|Publication number||US4601291 A|
|Application number||US 06/596,916|
|Publication date||Jul 22, 1986|
|Filing date||Apr 5, 1984|
|Priority date||Feb 11, 1983|
|Also published as||DE3478739D1, EP0120250A1, EP0120250B1|
|Publication number||06596916, 596916, US 4601291 A, US 4601291A, US-A-4601291, US4601291 A, US4601291A|
|Inventors||Willem Boute, Guus Stoop, Gerrit W. van Arragon, Kornelis A. Mensink|
|Original Assignee||Vitafin N.V.|
|Export Citation||BiBTeX, EndNote, RefMan|
|Patent Citations (9), Non-Patent Citations (10), Referenced by (62), Classifications (7), Legal Events (6)|
|External Links: USPTO, USPTO Assignment, Espacenet|
1. Field of the Invention
This invention relates to biomedical systems for communicating with implanted devices such as cardiac pacemakers, muscle stimulators, drug dispensers and the like and, in particular, systems which have the capacity for providing a display of event and timing data transmitted from the implanted device.
2. Background of the Prior Art
With the increased use of programmable biomedical systems, and in particular cardiac pacing systems having an implantable pacemaker device and external programmer apparatus, there has developed an awareness of the importance of providing useful information concerning the operation of the implanted device. For example, in cardiac pacing systems, an ECG alone does not provide the doctor with the desired information, whether the ECG is obtained internally by the pacemaker or externally. There is a lot of information which can be obtained by the implanted pacemaker and transmitted for external output, which supplements the ECG information and enables the doctor to determine whether the pacemaker is operating properly, whether the selected mode is optimum, etc. Prior art biomedical systems utilizing implantable devices are known, wherein sensed diagnostic data or patient data that has been generated by the implantable device is transmitted out to external apparatus for display or other indication. For example, in the pacemaker area, it is known to have a separate analog channel for transmission of real time QRS data, the analog transmission channel being separate from and additional to the communications channel for operator programming and interrogation. While, of course, plural or even multiple channels can be used if there is no limit on expense or power requirements, there is a great need for efficient use of a single communications channel, which is capable of handling both the normal programming and interrogation requirements, as well as outputting patient and other diagnostic data.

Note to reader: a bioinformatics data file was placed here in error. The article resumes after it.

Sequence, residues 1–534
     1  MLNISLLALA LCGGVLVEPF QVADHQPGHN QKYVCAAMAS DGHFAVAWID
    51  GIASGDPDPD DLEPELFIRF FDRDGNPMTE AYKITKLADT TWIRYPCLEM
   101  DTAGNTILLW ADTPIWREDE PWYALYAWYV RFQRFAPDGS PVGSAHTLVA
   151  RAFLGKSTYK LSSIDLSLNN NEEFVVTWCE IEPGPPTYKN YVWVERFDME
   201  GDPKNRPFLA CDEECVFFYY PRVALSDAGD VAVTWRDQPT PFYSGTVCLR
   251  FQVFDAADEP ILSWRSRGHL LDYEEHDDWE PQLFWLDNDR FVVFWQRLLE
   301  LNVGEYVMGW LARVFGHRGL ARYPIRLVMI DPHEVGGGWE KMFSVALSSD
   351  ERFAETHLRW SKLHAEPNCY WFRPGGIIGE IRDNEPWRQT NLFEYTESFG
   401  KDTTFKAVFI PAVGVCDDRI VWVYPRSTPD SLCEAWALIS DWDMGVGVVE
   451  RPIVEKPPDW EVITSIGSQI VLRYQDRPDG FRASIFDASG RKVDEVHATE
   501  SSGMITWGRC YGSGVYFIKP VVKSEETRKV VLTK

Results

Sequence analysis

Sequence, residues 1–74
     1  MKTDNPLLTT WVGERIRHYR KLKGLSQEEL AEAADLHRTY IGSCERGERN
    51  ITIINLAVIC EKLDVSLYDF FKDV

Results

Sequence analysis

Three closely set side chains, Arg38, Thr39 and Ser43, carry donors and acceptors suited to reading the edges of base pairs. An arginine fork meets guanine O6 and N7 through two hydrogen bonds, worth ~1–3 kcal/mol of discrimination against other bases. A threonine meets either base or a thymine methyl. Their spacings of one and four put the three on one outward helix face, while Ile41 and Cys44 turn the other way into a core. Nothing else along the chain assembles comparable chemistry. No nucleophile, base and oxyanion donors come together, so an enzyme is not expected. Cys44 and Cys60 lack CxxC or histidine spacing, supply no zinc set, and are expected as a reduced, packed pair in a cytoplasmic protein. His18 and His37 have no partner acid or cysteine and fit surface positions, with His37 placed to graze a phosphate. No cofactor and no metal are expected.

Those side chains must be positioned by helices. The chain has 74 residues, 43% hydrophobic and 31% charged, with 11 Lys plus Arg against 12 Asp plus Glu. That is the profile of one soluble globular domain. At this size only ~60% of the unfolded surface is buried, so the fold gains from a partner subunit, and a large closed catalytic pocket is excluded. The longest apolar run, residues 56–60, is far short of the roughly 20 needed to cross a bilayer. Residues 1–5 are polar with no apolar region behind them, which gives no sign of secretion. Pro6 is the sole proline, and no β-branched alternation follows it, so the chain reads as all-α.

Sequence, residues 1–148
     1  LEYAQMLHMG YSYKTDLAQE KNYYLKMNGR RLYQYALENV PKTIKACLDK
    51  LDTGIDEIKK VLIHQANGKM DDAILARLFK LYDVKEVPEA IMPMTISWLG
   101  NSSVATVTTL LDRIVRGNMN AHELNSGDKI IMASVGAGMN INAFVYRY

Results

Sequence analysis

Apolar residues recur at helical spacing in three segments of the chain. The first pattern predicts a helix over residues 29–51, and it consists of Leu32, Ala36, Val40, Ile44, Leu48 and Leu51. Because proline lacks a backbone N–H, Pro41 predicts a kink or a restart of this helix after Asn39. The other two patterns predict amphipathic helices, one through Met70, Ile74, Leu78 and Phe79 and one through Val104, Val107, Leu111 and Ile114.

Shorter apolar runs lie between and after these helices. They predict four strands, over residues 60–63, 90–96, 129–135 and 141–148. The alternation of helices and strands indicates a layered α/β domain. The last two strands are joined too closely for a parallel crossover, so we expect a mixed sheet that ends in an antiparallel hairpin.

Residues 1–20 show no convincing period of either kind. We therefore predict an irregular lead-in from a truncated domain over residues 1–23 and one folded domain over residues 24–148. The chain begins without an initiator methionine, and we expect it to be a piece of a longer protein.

State of the art pacemaker systems have provided for what is referred to as marker channel information which is printed in relation to an ECG so as to provide supplemental information. For example, events such as pacing or sensing of a natural heartbeat are recorded with a mark indicating the time of the event relative to the ECG. This is helpful to the physician in interpreting the ECG. Existing sytems which provide a marker channel output operate basically by outputting the pacemaker event, e.g. a delivered stimulus or sensed natural heartbeat, at about the time of the event, thereby inherently providing the timing of the event in relation to the recorded ECG. However, this arrangement places limitations upon the system capacity to output and record information concerning the wide range of events that can occur each pacing cycle, as well as desired timing information relating to the pacer operation. The requirement of continuously transmitting to the external apparatus at the time of each event or timed out interval requires a substantial amount of extra control capacity within a pacemaker, in order not to interfere with the ongoing pacemaker functioning. Thus prior art pacing systems have generally been limited to communicating simple event data, for the practical reasons of limiting the amount of circuitry which is dedicated for handling the data transmissions. This limitation is undesirable, particularly for dual chamber pacing systems, where it is desirable to provide marker channel displays for events and pacemaker timing corresponding to both the atrial and ventricular chambers. There thus exists a substantial need in the art to overcome the practical difficulties associated with real time communication, and to provide more informative and readable marker channel displays.